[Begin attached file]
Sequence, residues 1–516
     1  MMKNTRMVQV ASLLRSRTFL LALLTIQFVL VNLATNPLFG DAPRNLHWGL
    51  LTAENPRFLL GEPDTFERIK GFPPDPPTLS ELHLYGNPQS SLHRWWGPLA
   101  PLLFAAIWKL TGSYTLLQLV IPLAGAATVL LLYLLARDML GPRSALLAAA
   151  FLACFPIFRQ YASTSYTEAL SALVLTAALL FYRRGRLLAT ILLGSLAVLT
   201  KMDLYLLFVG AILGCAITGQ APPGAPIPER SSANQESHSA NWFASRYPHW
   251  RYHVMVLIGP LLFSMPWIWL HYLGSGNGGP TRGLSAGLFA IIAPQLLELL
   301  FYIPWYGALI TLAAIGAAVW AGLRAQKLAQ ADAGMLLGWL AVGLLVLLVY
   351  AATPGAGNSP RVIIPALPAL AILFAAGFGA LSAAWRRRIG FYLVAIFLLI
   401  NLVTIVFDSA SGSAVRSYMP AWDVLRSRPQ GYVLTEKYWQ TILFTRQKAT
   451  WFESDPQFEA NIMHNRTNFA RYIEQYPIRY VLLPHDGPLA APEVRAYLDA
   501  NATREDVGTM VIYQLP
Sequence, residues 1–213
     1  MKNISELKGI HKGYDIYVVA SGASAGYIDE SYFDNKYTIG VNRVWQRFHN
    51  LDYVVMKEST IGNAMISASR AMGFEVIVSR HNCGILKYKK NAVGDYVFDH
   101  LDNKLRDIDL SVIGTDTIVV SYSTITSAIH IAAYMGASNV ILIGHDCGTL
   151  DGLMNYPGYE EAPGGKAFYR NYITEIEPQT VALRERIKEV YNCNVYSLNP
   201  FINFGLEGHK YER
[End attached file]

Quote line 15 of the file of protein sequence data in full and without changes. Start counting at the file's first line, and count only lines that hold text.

    51  LDYVVMKEST IGNAMISASR AMGFEVIVSR HNCGILKYKK NAVGDYVFDH